Video | Agriculture | Confidence | Economy | Energy | Employment | Finance | Media | Property | RBNZ | Science | SOEs | Tax | Technology | Telecoms | Tourism | Transport | Search

 


While you were sleeping: Republicans bicker as plan rejected

While you were sleeping: Republican infighting as plan rejected

Dec. 5 (BusinessDesk) – US House Speaker John Boehner tabled a plan to avert the fiscal cliff that left out tax increases for the wealthy and was rejected within an hour by the Whitehouse The plan also highlighted divisions among factions of the Republican Party.

Boehner’s plan partly entails targeting US$800 billion in revenue over a decade from overhauling the tax code, closing loopholes and deductions.

Republican Senator Jim DeMint of South Carolina was one of the loudest dissenters.

"Speaker Boehner's $800 billion tax hike will destroy American jobs and allow politicians in Washington to spend even more," DeMint said in a statement.

The comments may signal a repeat of the tactics of the so-called Tea Party faction within the GOP that stalled talks on lifting the federal debt ceiling last year and ultimately led to a credit rating downgrade.

The schism could be overstated though Reuters reported the Republican leadership is trying to bring the Tea Party into line, removing what it called Tea Party stalwarts Tim Huelskamp and Justin Amash from the budget committee. Huelskamp reportedly called it "a vindictive move."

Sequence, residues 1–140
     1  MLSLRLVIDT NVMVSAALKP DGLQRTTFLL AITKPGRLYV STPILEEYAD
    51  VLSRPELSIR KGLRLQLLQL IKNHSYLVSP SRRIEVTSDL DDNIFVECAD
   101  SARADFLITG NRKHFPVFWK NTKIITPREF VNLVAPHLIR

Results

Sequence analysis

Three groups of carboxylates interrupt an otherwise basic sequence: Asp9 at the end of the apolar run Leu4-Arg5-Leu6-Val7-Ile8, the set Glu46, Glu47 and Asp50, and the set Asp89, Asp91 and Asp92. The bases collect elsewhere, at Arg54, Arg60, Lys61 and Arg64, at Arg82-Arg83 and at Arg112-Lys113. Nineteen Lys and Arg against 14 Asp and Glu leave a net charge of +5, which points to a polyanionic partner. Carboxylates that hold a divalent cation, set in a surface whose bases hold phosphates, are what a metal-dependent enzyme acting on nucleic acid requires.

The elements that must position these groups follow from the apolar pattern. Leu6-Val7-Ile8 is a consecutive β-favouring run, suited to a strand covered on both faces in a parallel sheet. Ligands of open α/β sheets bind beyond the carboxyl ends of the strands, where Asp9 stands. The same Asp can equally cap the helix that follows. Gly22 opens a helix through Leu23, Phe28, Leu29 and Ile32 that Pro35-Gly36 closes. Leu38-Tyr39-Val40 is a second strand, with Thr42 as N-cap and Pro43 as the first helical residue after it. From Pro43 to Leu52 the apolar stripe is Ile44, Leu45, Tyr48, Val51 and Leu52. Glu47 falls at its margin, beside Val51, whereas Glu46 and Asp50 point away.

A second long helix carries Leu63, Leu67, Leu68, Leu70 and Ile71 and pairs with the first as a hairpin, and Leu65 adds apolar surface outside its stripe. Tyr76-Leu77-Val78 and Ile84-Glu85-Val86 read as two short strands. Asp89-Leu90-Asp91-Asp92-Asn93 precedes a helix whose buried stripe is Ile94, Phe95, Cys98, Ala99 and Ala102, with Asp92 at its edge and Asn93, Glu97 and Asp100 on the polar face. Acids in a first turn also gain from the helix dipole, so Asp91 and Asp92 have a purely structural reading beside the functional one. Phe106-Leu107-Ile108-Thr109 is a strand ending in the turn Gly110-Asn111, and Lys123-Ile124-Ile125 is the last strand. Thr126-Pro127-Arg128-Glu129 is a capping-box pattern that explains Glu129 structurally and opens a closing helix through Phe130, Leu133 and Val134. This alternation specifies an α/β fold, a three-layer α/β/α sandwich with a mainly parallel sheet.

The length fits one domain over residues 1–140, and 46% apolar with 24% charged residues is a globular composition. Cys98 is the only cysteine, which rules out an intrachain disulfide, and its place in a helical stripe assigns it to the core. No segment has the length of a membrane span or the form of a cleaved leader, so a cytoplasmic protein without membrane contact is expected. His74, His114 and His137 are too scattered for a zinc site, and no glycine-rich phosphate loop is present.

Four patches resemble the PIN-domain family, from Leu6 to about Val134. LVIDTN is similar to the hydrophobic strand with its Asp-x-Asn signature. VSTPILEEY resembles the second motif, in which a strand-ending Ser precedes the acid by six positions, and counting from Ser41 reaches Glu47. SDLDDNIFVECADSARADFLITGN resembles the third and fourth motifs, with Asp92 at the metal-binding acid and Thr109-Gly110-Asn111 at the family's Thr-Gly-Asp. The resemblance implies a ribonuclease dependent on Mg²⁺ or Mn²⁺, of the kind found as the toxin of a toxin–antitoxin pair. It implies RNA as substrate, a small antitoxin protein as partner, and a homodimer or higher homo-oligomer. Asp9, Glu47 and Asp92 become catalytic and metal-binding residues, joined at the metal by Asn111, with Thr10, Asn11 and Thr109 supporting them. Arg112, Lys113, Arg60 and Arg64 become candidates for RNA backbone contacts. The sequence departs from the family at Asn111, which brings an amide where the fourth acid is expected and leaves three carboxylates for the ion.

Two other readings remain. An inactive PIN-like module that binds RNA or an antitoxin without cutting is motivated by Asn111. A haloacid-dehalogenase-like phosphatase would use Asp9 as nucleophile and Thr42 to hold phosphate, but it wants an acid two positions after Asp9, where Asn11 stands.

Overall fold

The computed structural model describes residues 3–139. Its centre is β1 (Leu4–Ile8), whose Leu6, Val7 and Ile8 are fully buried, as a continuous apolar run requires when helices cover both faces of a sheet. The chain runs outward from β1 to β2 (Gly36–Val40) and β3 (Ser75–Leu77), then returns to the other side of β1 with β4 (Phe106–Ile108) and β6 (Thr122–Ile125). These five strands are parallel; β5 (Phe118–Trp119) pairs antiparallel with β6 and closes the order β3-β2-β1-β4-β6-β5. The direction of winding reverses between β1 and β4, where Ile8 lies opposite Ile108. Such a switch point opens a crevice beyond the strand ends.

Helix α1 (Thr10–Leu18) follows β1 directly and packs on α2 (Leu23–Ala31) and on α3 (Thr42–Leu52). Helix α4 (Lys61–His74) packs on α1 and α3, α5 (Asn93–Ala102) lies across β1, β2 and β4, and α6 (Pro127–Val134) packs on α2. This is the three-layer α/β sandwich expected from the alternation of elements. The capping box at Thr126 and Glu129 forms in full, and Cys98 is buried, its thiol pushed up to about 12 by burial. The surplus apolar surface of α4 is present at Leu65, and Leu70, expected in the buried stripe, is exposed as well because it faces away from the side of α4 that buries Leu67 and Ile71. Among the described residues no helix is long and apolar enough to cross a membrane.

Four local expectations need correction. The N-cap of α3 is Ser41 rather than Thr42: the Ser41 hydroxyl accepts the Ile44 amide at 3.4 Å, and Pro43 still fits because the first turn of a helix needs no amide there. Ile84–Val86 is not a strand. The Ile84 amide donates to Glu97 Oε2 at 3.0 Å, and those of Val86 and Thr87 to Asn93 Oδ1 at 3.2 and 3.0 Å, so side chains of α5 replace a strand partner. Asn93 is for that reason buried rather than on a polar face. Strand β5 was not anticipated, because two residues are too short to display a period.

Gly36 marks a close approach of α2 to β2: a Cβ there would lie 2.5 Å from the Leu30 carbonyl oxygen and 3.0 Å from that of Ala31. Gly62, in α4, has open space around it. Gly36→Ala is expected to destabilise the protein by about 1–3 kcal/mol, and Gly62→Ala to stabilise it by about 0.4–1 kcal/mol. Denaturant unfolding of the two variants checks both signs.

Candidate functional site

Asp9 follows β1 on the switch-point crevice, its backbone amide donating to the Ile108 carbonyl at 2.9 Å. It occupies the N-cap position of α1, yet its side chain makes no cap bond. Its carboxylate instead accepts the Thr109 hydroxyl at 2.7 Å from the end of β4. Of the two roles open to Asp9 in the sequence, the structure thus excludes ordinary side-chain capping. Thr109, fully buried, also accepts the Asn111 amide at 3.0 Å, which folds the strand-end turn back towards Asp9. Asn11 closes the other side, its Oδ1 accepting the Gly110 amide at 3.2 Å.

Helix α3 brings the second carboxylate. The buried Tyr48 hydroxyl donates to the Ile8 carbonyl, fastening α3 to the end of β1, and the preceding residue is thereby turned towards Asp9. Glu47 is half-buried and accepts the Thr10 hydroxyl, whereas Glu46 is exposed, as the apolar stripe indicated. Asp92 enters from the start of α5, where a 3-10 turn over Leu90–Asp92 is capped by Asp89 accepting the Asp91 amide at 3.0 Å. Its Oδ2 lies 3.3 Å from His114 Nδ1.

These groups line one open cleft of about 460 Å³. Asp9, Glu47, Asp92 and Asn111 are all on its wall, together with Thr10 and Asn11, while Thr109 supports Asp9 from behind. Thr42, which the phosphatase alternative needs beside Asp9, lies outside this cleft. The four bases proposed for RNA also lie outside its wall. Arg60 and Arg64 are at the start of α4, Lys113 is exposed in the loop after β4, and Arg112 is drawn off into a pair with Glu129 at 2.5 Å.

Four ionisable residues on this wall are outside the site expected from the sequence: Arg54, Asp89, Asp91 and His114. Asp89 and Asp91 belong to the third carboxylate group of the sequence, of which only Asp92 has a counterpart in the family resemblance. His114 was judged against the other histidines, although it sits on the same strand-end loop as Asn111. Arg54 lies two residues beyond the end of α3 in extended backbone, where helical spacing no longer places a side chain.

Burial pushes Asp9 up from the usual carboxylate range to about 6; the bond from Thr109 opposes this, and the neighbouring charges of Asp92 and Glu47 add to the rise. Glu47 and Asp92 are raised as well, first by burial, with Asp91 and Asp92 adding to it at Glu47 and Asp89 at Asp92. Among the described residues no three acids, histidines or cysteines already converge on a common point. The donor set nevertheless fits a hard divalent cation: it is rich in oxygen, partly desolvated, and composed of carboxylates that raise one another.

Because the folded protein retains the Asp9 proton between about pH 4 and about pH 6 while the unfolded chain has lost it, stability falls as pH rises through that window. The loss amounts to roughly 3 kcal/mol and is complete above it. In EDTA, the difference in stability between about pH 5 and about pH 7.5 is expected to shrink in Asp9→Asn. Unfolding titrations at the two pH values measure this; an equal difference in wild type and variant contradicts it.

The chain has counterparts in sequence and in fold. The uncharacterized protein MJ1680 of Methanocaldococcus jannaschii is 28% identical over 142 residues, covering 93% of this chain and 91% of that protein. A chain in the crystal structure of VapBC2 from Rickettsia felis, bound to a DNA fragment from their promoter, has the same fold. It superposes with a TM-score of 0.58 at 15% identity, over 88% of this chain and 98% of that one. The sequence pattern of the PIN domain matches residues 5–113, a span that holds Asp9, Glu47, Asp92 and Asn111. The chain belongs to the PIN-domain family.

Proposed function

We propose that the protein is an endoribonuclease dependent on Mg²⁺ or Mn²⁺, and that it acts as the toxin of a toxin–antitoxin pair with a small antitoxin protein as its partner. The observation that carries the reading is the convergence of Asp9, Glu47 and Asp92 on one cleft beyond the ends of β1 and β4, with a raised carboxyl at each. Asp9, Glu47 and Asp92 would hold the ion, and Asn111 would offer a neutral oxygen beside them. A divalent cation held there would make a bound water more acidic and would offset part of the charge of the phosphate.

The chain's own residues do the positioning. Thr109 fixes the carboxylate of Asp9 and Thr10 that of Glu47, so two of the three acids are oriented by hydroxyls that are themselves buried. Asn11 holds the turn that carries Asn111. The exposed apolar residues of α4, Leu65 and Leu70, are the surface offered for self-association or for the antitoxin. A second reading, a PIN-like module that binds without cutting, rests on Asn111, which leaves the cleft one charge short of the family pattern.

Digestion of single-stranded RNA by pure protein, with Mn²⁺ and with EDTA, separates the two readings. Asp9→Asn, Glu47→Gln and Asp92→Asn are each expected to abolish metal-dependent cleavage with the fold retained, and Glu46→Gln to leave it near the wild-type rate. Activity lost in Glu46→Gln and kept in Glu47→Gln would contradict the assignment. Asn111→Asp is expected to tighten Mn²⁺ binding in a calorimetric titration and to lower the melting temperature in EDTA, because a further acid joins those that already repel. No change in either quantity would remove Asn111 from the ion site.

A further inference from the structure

Conservative think tanks also balked at the proposal, which the Heritage Foundation called “utterly unacceptable.”

The deadline for averting the fiscal cliff, some US$607 billion of tax increases and spending cuts that kick in on Jan. 1, is edging closer. Allowing the automatic cuts and tax hikes risks plunging the world’s biggest economy back into recession and driving the jobless rate, now 7.9 percent, sharply higher through 2013, economists say.

President Barack Obama called Boehner’s plan, which includes US$2.2 trillion in new revenue and spending cuts, “out of balance” in an interview with Bloomberg TV.

Yet it may yet signal progress as Obama said he was willing to accept cuts to entitlements and realises he won’t get all that he wants in negotiations. It’s now down to the Whitehouse to counter-offer.

Stocks on Wall Street fell in late trading. The Dow Jones Industrial Average was down 0.2 percent and the Standard & Poor’s 500 Index declined 0.3 percent. The tech-laden Nasdaq Composite fell 0.5 percent.

The threat of the US economy being derailed by Washington intransigence looms as figures this week showed manufacturing has weakened.

The Institute for Supply Management’s index of national factory activity fell to 49.5 last month, from 51.7 in October on a scale where 50 marks the difference between contraction and expansion. November’s reading was the lowest in more than three years.

Investors doubt lawmakers will manage to fix what’s wrong with the US economy any time soon.

Bill Gross, who runs the world’s biggest bond fund at Pacific Investment Management Co, said in a report on Pimco’s website that the next four years “will likely face structural economic headwinds that will frustrate the American public.”